Maybe you’re not like me, but I can be an expert at ignoring God. Going about my day without consciously even thanking God for it. Experiencing his creation all around me and not actually paying attention to the creator. It seems crazy that Jonah would flee from God over land and sea, knowing full well that God created the whole Earth, but this is what we do most days.
Sometimes it’s with good reason that we ignore the creator. This has a lot to do with how we view God. Somewhere along the way, many of us have been told that God is angry with us, he is seeking revenge for all our mess-ups and won’t be satisfied until we experience his punishment. One famous and somewhat influential preacher is known for reminding his audience that ‘God hates you’.
Really? God hates me. His own creation. He desires to see me suffer? Seriously?
If that is who God is, then I’m going to keep ignoring, because to acknowledge God brings too much shame and pain. I’m going to run from a ‘God’ like that as well.
However, the Bible tells us a different story. A story about a God who pursues, not to exact revenge but to show us love, unconditional love. A God who displays beauty in the creation, not to scare us, but to show us that God is good, beautiful and trustworthy.
The funny thing about the story is, that Jonah says he knows that Yahweh is “gracious and compassionate… abounding in love” (Jonah 4:2), but he still can’t acknowledge him in these early parts of the book. It seems the problem is with Jonah’s perception of God, not God himself.
It’s the same for me.
Whenever I choose to ignore God because of my perception, even when I have stuffed up, I am choosing to shut the door on God’s grace, compassion and love. The same grace, compassion and love that are open and accessible to me at any part of my day; if I choose to acknowledge them.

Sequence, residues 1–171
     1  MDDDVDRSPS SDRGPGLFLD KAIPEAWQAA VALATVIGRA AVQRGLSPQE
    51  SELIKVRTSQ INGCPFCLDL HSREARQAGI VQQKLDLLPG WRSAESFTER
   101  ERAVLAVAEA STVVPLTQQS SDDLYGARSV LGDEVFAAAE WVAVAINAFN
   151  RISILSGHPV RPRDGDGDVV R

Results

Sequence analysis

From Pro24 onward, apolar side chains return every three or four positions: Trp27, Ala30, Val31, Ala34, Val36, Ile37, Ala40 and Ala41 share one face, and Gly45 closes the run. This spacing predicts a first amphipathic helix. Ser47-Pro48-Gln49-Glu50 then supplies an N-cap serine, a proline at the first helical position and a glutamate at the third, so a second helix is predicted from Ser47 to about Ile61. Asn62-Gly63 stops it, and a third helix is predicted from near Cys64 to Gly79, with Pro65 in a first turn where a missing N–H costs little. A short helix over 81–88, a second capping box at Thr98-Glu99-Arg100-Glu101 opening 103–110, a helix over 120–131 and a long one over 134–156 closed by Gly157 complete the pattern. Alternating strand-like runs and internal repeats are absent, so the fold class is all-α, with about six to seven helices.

A loving understanding of God opens up all sorts of big theological questions about the nature of God and the comparisons between the Old and New Testament. They’re probably too much for this blog, although there’s plenty of excellent books to read on the subject. But for us, followers of Jesus, we have the perfect representation of who God is. Jesus says it like this, “Anyone who has seen me has seen the Father… Don’t you believe that I am in the Father, and that the Father is in me? The words I say to you I do not speak on my own authority. Rather, it is the Father, living in me, who is doing his work.” (John 14:9-10)
So we can continue to be scared of the wrathful God, refusing to acknowledge and trying to run, or we can choose to see God in the person of Jesus. Driven by grace, compassion, love, forgiveness, kindness, humility… We could go on and on. So I’m going to stop running and ignoring the creator. I want to allow God to be revealed daily so that I can experience all those good things, over and over again.
Will you join me in trying that?
Missed earlier posts in this series? You can start here:
Intro to Jonah: The most grown-up Children’s story you will ever read.